Warehouse G


Strange Disappearance Of Bernardo Vazquez

By James Donahue

When pop musicians assume the names of mysterious and mythological figures their barrage of promotional material overwhelms efforts to research the origins of the stories that made this person important. Such is the case of Bernardo Vazquez, the young San Juan man who it is said experimented with black magic to make himself disappear.

As the story is told, Vazquez not only succeeded in disappearing, he never returned from where ever it was he sent himself.

The best account of the Vazquez story that we could find was published in Fate Magazine’s November, 2000 edition. It’s author, Helen Torres, claims that she was present in the Vazquez home when this event occurred, and thus became an eye witness . . . not to the disappearance, but too the young man’s boast of what he was about to do behind closed doors in his room.

It all happened in 1936, in the midst of the Great Depression, when Vazquez, a resident of Fernandez, was experimenting with the black arts in an attempt to gain either wealth or fame in the heart of global despair. Apparently he lived alone in a rented room at the rear of either the Torres house, or a house in the immediate neighborhood.

Torres wrote that Vazquez, then a young man of about 20 years, “was always in a hurry and in his mind the most important wish was to obtain immeasurable riches – with no concern as to how he obtained them.” She said he was an “avid reader, especially books on black magic. His appearance was anemic and his eyes had a penetrating look.”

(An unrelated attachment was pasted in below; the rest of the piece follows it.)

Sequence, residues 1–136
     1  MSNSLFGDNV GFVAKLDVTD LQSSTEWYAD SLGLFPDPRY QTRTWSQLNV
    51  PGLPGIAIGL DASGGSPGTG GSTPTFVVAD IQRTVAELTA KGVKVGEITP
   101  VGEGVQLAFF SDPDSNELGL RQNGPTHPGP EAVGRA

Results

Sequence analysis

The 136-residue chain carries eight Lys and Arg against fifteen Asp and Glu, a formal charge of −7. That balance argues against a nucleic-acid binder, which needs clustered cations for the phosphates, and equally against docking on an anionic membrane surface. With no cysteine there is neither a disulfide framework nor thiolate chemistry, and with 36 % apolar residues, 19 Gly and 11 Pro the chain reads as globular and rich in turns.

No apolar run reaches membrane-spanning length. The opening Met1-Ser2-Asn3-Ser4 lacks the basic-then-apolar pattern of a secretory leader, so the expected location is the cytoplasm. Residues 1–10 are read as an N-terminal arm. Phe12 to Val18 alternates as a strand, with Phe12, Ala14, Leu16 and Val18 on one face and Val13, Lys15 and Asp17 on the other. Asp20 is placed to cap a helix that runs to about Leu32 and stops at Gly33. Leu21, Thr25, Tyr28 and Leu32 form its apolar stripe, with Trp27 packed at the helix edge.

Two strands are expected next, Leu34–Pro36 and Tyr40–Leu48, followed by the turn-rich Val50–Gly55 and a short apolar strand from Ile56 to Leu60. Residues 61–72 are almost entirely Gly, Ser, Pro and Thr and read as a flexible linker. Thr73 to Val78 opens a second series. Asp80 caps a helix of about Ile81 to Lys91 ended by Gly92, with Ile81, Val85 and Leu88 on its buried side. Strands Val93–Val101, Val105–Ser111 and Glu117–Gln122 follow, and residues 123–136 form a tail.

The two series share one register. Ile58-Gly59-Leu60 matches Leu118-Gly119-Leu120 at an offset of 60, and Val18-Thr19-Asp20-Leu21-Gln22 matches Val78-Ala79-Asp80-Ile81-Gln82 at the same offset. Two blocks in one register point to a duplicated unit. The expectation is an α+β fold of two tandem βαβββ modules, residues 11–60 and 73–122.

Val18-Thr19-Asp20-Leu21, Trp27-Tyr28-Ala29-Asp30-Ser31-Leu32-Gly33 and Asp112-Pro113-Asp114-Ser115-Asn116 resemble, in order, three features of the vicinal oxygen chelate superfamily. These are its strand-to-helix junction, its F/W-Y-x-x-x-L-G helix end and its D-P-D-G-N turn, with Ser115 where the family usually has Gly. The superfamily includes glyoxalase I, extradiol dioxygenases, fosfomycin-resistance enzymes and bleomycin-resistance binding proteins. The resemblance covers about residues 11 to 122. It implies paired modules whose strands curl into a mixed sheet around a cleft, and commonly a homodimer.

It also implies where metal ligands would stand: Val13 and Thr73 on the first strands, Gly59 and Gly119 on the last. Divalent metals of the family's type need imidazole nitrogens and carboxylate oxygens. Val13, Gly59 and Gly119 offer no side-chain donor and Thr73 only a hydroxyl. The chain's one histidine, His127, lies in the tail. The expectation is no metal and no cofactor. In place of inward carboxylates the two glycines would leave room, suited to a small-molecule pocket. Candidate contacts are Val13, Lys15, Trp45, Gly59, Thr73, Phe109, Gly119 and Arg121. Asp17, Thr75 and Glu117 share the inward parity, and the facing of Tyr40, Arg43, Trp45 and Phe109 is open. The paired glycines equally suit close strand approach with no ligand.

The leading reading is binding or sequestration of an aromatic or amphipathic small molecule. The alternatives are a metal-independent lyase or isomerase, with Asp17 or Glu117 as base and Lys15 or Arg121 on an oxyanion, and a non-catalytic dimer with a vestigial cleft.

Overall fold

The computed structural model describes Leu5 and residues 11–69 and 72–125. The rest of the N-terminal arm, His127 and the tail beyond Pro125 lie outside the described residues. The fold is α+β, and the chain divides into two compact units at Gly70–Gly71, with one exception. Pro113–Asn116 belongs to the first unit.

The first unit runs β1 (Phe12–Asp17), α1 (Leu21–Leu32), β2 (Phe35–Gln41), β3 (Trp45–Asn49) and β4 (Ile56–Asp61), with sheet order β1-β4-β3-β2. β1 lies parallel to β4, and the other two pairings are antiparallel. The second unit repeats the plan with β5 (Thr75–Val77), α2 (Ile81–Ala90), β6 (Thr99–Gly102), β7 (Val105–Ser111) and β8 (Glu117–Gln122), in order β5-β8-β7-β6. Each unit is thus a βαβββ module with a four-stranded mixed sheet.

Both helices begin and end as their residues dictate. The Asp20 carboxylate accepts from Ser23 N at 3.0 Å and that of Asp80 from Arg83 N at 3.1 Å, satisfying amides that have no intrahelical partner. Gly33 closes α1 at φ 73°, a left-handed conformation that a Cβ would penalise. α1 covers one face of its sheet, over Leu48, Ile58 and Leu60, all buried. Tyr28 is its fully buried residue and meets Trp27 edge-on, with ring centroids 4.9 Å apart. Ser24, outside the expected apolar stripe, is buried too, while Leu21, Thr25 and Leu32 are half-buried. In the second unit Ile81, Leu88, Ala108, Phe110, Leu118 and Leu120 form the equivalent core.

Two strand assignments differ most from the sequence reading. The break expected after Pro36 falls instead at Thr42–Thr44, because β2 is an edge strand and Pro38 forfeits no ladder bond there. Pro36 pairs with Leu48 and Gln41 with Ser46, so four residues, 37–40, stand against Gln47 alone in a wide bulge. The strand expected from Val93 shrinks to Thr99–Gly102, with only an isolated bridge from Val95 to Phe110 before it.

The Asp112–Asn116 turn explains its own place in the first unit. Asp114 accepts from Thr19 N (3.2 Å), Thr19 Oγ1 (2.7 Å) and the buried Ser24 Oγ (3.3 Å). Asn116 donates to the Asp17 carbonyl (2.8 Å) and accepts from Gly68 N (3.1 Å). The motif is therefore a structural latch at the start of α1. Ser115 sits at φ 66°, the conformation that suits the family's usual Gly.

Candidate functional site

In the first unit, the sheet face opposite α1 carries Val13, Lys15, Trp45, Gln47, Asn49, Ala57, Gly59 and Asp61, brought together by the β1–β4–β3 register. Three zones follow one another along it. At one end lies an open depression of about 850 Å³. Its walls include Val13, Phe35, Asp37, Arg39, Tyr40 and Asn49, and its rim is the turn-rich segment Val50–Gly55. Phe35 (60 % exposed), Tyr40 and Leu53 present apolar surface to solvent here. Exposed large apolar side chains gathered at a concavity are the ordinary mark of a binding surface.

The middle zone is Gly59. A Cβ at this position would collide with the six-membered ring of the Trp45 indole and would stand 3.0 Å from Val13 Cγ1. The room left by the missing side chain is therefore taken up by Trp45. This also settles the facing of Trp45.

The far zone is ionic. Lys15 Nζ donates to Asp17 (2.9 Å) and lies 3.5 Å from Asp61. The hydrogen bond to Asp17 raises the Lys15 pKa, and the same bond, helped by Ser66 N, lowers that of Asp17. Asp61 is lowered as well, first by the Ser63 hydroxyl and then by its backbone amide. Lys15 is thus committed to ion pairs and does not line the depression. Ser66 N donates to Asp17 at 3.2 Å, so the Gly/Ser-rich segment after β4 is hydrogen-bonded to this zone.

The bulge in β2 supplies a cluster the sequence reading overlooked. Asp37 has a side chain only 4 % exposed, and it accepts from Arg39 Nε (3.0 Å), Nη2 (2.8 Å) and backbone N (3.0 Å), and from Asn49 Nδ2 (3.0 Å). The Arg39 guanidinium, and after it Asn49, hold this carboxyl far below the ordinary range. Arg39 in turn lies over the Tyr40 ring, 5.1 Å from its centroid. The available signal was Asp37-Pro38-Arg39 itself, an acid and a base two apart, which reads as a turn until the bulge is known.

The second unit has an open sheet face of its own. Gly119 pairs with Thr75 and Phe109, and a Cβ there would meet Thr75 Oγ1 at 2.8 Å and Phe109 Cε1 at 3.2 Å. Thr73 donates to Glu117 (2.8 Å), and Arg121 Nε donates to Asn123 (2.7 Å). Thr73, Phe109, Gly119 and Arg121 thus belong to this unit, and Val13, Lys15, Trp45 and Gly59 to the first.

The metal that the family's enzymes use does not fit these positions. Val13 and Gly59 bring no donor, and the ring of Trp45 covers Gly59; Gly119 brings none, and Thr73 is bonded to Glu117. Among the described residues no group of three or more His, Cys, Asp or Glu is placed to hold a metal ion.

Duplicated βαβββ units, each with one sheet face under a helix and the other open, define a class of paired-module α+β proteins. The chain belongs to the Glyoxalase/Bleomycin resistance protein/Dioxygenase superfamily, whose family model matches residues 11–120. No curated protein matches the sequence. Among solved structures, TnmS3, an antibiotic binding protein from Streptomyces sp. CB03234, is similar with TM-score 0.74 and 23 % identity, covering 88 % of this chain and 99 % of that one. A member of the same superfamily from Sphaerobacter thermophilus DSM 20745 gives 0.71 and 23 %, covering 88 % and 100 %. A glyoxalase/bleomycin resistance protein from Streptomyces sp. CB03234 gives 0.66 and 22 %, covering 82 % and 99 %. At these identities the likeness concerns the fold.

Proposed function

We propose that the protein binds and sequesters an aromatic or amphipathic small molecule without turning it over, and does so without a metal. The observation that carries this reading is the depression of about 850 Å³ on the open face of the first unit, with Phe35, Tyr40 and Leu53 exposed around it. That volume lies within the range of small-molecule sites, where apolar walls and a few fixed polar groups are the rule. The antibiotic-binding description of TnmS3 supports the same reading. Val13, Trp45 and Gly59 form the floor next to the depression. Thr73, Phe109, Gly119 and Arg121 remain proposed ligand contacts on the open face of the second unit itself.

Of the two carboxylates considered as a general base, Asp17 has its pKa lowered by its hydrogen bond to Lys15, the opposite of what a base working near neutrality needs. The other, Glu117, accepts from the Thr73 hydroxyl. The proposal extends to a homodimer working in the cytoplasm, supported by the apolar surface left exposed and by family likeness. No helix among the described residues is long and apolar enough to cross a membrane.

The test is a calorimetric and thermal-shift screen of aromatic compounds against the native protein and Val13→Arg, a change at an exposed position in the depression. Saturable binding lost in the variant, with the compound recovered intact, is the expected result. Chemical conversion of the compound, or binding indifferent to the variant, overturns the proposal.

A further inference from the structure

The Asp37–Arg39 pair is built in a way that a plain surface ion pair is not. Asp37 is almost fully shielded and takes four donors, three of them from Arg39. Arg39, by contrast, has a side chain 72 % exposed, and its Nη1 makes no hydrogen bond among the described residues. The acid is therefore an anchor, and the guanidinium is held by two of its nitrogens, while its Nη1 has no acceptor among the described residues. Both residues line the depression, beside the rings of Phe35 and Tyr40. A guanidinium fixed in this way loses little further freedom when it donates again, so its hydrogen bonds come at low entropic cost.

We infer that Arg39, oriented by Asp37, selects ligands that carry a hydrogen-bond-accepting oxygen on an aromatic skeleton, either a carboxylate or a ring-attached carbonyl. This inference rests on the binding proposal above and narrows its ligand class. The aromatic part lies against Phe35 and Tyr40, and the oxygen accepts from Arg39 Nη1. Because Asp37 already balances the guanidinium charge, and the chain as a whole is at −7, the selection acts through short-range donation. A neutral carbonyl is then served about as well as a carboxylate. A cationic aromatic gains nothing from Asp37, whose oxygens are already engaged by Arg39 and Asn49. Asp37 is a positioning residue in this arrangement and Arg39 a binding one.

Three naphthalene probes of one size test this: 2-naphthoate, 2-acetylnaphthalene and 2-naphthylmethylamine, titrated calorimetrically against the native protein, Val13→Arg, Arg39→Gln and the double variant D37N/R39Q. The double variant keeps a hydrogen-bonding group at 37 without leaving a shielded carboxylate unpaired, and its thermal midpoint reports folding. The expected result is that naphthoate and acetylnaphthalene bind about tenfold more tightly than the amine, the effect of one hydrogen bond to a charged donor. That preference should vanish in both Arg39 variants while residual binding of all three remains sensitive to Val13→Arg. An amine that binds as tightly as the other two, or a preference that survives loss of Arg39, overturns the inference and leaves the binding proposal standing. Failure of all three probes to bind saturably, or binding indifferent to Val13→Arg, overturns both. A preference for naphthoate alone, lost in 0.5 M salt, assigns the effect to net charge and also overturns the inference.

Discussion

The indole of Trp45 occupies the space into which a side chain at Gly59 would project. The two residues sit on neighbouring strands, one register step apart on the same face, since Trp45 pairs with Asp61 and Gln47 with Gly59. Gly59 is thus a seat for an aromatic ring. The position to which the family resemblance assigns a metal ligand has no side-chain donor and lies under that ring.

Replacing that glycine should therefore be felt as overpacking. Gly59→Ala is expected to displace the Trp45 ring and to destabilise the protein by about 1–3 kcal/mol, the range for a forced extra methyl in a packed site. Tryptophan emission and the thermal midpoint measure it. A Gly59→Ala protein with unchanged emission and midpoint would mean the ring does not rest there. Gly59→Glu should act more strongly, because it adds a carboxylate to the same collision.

She said she became interested in Vazquez because of a strange spell he seemed to put on anybody he talked to. “With his mysterious look and his whispered voice, Bernardo intriqued anyone he talked to. Mama and I would listen to him as if we were in a hypnotic trance, and when she thought that she had heard of all Bernardo’s schemes and everything related to the unknown, out of nowhere he bewildered us with something different.”

When Vazquez told them about his scheme to make himself invisible, he outlined a most gruesome story of the kind of ritual he was about to perform. It involved the killing of a black cat by boiling it alive in a tin can of water over a wood fire in his hearth. The wood had to come from an old abandoned coffin in a cemetery. Once the cat was dead and fully cooked, he said he would dissect the creature until he found a “Y” shaped bone between its ears.

Once I find the bone I will be the most powerful man on earth,” Vazquez said. “Every time I put it under my tongue I will become invisible. Can you imagine all the things that can be done when you are invisible?”

Torres and Mama told Vazquez they thought he was crazy and urged him not to harm the cat. But like all of his earlier schemes, they wrote it off as just another nutty idea from the mind of a most unusual but troubled young man in the neighborhood.

But a few days passed and they did not see Vazquez again, which began to trouble the women. They said they had gotten used to his daily appearances and it was unusual for him not to stop by. They investigated, and when police forced open the wooden door, there was no trace of the young man.

Torres wrote: The humble place had a smelly stench and a disgusting look. At the center of the small room was a very old table, a decomposed and crumbled black cat lay there, disemboweled. Nearby was a hearth full of ashes and the remains of burnt logs. In a corner there was a miserable bed covered with an old shredded sheet. A dirty shirt and a pair of pants hung on two rusty nails on the wall. But Bernardo was nowhere.”

She said as far as people of Fernandez are concerned, Vazquez was never seen again.